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You can earn up to 5 SBD per accepted submission for guest curating The Daily Sneak. Submission requirements are published at the bottom of each edition of The Daily Sneak.
Today's guest curator is @paradigmprospect.
I never get tired of promoting the idea of discernment and the merit of coming to our own conclusions, and I feel the more time passes, the more important this skill set becomes. We all grew up in societies where everything seemed so transparent and clear until we found the first cracks in the illusion.
To some it was the mainstream media failing, to others it was the disillusionment with the charade of politics and yet others have gathered life experiences to show them that - while we should certainly listen to others and keep an open mind - in the end we need to make the determination ourselves as to what the truth most likely is.
In the spirit of enlarging our ability to recognize illusions and to sharpen our discernment, it is @paradigmprospect's pleasure to showcase the work of these 5 Steemians today who give us ample reason to question everything and draw our own conclusions in a world where most people think they pretty much know "the truth" already once they graduate from high school...
The Sneaked Selections
Even when we can clearly see a roadblock in our lives we sometimes just need that little nudge to go and make that change we feel we need. But where do we get that nudge?
We may think our problems and challenges are uniquely our own, but as this insightful and encouraging article lays open - it is worth listening to your inner voice and to go tackle those challenges, learn to love yourself and transform negatively-connotated experiences into profound learning experiences.
If you feel like life is giving you a tough time these days, reading up on @classicguy's considerations and mantras of belief in yourself and your path in life could just be what you need to dig yourself out of the perceived hole you may find yourself in.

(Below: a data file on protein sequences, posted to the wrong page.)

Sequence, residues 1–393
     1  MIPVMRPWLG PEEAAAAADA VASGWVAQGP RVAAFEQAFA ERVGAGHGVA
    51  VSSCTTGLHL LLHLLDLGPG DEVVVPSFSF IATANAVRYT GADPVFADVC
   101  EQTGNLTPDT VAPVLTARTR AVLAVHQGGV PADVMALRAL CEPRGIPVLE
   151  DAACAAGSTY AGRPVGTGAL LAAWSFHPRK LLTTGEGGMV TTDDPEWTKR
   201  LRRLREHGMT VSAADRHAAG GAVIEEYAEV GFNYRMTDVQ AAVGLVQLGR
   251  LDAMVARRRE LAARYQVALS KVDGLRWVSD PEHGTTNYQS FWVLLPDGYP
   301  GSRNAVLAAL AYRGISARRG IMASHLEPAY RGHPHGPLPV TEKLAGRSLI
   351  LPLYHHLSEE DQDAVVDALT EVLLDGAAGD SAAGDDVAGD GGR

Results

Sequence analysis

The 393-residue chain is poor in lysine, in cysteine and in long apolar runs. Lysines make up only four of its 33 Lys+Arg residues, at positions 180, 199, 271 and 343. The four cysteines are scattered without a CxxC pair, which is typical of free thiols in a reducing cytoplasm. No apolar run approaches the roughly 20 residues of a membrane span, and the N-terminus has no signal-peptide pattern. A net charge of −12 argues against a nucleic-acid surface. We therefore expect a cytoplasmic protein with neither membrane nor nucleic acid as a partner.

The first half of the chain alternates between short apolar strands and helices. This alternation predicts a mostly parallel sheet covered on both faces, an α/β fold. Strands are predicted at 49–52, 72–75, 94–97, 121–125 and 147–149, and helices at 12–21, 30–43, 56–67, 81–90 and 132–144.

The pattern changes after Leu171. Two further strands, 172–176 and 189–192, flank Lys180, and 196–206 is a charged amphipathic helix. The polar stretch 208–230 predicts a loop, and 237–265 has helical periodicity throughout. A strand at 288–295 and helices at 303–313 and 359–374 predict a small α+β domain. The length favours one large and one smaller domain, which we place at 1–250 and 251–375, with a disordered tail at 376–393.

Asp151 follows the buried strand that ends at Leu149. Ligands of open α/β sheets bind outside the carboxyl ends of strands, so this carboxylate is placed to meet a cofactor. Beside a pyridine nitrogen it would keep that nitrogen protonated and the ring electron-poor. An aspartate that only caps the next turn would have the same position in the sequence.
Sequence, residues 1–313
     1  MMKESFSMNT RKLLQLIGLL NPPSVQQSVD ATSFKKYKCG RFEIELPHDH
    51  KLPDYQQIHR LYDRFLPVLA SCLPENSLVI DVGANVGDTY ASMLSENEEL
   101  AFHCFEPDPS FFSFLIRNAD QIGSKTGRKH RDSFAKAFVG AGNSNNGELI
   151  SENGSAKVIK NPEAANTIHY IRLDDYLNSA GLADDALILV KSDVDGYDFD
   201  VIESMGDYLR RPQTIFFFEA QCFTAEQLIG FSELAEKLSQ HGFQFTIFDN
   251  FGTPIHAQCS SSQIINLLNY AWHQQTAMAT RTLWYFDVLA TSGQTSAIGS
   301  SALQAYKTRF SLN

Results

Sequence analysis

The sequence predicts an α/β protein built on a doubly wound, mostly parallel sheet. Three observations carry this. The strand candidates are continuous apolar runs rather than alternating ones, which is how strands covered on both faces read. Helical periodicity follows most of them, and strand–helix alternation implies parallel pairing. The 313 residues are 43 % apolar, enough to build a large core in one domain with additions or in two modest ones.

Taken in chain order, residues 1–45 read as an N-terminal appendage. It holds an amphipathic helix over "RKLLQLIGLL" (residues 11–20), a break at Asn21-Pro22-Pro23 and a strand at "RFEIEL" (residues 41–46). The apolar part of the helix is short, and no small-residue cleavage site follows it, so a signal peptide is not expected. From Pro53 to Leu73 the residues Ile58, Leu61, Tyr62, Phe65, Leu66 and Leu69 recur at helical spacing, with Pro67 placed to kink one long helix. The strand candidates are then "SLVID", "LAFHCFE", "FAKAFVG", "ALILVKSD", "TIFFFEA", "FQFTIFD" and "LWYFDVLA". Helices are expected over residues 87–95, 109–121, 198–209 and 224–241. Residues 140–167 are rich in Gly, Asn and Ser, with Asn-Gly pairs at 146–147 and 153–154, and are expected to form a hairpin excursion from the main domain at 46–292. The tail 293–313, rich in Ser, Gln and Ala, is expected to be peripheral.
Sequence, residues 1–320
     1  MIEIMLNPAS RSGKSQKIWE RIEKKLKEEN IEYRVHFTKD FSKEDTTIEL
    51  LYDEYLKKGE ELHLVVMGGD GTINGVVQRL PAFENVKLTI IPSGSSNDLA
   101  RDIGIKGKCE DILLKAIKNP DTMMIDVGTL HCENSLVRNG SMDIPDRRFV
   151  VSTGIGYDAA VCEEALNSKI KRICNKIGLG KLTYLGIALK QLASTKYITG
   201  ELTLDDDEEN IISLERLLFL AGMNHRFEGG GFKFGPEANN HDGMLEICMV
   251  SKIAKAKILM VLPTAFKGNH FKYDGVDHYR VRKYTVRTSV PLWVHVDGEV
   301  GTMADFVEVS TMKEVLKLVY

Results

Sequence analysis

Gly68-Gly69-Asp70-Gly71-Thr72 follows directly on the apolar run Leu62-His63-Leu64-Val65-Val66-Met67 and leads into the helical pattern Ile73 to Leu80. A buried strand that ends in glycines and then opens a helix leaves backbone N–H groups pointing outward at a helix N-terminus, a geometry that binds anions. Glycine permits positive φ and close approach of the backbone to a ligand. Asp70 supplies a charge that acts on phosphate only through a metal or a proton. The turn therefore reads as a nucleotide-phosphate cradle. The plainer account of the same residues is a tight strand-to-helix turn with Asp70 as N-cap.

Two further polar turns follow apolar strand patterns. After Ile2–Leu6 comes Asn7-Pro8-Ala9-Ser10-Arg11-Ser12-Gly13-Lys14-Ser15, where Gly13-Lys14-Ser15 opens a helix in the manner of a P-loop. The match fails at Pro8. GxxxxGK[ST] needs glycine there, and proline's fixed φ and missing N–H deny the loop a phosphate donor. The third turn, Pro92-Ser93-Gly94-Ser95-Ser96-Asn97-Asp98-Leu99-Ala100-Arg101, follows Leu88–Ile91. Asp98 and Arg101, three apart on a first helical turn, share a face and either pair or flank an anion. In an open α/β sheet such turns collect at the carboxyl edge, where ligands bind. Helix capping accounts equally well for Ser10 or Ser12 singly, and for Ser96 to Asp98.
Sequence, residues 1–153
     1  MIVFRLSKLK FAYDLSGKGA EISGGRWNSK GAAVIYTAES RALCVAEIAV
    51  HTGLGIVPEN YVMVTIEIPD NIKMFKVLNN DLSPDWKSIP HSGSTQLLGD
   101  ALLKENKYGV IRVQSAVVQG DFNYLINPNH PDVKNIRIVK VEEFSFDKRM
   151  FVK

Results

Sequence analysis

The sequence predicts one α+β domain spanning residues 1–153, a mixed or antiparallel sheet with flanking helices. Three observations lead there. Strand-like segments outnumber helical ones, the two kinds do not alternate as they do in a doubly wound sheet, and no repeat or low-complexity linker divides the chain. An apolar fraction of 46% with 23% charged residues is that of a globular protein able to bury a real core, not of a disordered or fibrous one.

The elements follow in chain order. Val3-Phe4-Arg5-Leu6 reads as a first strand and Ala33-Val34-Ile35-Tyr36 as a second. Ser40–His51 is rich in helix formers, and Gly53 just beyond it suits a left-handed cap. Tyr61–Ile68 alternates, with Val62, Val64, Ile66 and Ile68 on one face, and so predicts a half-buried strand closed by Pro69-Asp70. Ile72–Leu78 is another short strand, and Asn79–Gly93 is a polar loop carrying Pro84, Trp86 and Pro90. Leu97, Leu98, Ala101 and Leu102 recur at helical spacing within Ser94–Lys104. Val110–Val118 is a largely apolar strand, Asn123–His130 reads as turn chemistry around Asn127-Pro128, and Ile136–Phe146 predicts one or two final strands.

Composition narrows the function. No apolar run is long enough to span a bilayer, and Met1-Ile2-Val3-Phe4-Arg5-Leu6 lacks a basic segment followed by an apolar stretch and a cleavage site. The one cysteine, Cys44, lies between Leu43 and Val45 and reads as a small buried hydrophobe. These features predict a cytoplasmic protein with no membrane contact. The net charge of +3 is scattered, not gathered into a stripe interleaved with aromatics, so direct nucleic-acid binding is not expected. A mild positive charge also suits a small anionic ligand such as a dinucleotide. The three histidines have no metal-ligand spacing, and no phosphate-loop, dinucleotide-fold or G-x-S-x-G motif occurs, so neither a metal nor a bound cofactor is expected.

Don't give up. The obstacle is the path!
Ever since I was a kid I had questions about the way society does things, things that seemed odd to me. Even today I still resonate strongly whenever I find others out there that share their inner torment about the status quo they are living in, where they are forced to adhere to inhumane guidelines despite clearly feeling that it causes endless pain, frustration and helplessness for other people in need of assistance.
As @zyx066 has shared in this heartfelt article, the customer has long ceased to be king.
Questionable company policies hide behind a legal framework benefitting legal persons over actual people, and it seems the longer it goes on the more we fall back to our inner core saying: Something has got to change. It's like: I want to do good in the world but my job is forcing me to do the opposite - with a fake smile and endless referrals to allegedly sensible guidelines.
If you feel your job is getting to you, reading this article might greatly cheer you up, if only to see that you are not the only one feeling at odds with what most people deem to be "normal". Let's find better ways, because the "laws" in place clearly are not designed for people's well being at all.